Living in Irvine, and working in the Southern California Homebuilding Industry, the shift in minority buying power is becoming increasingly more evident. The Asian/Asian-American population is growing faster than the total population, and these buyers tend to be young, well educated and therefore hold many top-level and high paying jobs. According to the Selig Center Report*, over the next five years, Asian buying power is expected to grow 42 percent, from $544 billion in 2010 to $775 billion in 2015. Advertisers, homebuilders and companies are recognizing the purchasing power of this Asian American community. But it’s important to note that if these companies want their dollars, they also need to earn their respect. Being aware of cultural differences, number superstitions (avoidance of the number 4) and showing respect and patience with a generally slow decision making buyer are all important items to consider when dealing with this demographic.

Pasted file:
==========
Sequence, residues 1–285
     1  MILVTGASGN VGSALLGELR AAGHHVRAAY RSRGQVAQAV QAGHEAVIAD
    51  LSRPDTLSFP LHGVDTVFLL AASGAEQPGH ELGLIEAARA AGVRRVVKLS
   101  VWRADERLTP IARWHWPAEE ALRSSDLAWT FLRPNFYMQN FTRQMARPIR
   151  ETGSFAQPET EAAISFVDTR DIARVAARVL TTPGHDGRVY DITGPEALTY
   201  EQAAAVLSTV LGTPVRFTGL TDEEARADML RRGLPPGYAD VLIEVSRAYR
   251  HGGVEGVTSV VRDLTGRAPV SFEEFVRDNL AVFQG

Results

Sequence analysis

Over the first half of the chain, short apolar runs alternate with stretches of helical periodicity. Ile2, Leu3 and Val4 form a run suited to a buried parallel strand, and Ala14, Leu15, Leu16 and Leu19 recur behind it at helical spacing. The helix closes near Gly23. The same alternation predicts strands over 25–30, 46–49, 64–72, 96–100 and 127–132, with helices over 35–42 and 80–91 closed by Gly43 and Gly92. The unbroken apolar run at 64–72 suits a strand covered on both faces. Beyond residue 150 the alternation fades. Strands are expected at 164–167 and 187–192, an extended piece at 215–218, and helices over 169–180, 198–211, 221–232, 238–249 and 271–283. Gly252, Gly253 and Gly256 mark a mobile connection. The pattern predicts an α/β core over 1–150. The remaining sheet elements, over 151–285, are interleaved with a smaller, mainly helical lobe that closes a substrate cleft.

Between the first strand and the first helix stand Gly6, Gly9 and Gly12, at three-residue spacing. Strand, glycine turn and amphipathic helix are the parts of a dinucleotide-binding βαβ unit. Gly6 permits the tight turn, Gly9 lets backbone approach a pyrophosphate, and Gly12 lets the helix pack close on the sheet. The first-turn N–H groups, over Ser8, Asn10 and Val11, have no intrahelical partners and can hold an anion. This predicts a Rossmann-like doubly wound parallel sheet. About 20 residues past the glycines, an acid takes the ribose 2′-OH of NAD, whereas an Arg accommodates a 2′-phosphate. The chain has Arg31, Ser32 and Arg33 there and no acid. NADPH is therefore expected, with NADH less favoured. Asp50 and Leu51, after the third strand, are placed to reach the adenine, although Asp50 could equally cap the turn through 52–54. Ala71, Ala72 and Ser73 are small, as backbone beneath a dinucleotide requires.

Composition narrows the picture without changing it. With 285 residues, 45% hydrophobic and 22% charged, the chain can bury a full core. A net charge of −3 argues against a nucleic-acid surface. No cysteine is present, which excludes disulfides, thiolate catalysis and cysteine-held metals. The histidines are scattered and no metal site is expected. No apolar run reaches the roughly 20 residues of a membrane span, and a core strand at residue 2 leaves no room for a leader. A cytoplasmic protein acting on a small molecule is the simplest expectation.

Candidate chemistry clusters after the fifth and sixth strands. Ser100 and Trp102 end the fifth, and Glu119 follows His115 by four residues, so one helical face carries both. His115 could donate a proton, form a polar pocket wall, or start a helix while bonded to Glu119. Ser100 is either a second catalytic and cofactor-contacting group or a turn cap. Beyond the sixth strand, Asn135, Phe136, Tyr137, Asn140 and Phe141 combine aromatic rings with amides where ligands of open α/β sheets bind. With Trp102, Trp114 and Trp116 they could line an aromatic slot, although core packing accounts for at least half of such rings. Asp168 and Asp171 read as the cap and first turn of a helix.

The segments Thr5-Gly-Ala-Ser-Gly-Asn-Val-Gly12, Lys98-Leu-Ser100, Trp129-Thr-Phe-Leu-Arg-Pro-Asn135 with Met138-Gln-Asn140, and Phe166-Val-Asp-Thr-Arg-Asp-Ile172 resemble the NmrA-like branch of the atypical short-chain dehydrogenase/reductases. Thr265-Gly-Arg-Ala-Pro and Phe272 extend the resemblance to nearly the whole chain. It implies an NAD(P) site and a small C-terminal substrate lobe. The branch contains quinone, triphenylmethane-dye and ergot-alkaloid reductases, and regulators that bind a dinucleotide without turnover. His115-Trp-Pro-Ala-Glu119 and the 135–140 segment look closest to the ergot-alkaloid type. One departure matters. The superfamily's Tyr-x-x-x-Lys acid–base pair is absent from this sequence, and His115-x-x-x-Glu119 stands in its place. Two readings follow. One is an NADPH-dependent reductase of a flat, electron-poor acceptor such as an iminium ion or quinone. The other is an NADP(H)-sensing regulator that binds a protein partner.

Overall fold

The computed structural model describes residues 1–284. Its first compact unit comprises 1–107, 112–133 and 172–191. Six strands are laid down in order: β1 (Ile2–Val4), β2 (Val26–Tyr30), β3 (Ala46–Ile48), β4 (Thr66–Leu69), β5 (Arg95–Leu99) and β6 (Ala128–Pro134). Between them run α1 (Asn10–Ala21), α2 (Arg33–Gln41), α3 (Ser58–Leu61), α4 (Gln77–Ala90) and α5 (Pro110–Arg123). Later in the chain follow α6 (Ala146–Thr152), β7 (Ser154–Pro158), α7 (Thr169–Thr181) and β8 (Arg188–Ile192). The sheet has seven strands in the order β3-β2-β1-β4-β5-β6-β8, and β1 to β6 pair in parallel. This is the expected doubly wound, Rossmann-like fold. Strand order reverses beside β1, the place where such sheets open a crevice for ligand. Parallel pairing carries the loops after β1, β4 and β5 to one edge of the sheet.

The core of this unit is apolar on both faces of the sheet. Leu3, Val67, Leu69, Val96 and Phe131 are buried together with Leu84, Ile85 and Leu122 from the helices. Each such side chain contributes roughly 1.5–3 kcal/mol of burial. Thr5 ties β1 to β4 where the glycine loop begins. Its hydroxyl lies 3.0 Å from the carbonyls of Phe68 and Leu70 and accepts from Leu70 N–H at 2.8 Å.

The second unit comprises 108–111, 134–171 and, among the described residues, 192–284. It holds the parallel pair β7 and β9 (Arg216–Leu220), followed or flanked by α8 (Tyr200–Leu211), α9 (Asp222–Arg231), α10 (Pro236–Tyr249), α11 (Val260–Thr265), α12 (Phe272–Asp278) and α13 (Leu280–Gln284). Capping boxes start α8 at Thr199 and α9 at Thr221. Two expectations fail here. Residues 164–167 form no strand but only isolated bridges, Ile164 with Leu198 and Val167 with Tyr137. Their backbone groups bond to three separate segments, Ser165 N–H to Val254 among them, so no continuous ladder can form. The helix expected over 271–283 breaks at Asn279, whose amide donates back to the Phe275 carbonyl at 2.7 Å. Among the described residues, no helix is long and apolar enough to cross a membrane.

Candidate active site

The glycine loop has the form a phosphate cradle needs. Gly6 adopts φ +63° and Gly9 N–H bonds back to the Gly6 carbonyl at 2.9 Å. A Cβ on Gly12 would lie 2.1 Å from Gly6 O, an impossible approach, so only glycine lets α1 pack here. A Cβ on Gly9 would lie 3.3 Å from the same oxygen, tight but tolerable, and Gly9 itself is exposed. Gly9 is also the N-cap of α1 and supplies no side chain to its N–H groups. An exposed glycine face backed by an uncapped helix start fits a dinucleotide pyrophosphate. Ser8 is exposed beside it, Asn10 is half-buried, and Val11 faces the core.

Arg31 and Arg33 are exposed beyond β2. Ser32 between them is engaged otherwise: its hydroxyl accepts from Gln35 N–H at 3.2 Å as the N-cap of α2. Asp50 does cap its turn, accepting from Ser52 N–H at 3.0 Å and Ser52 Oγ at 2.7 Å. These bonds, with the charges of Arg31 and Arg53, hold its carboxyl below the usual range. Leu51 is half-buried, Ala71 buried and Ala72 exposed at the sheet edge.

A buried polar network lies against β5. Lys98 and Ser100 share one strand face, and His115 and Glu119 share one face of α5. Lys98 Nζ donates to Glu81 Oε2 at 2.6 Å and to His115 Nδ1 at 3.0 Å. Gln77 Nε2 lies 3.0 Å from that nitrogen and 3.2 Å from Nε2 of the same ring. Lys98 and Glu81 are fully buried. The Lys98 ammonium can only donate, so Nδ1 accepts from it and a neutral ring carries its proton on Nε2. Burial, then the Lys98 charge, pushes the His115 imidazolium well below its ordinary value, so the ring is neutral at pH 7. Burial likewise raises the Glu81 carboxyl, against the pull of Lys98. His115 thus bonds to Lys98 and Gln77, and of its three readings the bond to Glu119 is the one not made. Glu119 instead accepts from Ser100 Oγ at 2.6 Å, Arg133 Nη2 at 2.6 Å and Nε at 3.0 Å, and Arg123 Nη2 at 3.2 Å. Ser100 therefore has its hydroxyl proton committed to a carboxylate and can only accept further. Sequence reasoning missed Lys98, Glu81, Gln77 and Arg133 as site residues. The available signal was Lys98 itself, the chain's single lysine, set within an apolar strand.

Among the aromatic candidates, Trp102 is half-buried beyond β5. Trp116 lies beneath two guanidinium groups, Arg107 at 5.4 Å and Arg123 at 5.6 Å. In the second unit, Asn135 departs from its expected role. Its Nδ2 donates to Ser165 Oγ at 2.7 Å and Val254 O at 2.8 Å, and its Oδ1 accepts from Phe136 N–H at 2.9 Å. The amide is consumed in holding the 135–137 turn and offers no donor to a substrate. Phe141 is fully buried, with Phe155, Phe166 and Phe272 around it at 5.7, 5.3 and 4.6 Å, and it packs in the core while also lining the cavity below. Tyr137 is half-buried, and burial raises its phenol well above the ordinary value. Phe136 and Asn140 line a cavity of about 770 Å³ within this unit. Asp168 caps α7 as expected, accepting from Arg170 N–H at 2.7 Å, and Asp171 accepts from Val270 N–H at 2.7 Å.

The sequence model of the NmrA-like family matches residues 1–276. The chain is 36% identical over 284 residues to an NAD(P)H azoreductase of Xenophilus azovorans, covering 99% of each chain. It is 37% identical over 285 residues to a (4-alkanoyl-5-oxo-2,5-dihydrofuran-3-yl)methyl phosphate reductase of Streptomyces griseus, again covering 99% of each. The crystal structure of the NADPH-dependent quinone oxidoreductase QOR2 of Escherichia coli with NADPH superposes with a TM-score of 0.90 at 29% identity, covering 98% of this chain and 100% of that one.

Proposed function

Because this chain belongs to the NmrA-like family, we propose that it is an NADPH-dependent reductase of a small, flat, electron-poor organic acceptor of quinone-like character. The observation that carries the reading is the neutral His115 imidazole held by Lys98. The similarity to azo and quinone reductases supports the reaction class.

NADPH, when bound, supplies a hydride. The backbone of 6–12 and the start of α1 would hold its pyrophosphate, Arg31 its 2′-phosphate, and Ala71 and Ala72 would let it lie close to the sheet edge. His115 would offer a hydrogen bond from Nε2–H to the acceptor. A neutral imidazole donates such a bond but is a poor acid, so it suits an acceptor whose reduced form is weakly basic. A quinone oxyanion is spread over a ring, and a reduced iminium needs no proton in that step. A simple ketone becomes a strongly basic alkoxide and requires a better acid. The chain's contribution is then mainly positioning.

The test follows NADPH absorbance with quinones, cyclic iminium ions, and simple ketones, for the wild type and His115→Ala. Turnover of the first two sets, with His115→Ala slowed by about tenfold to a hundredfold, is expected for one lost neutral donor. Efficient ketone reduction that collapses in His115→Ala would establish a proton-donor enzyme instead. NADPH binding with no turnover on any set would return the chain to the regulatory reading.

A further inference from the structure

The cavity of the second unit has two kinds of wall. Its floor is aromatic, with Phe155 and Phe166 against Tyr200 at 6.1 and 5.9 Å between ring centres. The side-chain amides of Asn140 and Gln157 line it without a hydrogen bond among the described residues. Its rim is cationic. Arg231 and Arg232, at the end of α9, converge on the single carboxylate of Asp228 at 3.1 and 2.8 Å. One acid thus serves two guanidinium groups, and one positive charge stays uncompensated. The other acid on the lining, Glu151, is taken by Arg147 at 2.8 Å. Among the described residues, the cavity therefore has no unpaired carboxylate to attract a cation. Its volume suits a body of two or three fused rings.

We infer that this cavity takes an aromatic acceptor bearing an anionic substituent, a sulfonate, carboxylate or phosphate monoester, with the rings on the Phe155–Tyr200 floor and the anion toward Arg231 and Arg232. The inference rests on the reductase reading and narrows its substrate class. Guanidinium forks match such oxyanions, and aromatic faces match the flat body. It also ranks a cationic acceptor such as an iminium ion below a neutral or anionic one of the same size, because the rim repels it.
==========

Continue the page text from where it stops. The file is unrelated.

When purchasing a home, some other items that are important to the Asian culture include:
- Reputation of builder
- School district
- Feng Shui
- Functional floorplans for extended families (ie full bed/bath downstairs)
- Reasonable HOA and taxes
- Ability to negotiate
Although it can be said that these items are important to all buyers, our real-estate market is really starting to take note. Local builders are beginning to install wok kitchens, following feng shui principles and putting lucky numbers on choice units, others are looking into government programs designed to encourage foreign investment. Whatever the case with an influx of money flowing into the United States from China, some savvy companies are coming up with creative ways to better position themselves with this emerging minority.
For a full report, visit the Selig Center website: http://www.terry.uga.edu/selig/
Michele Linaweaver, Vice President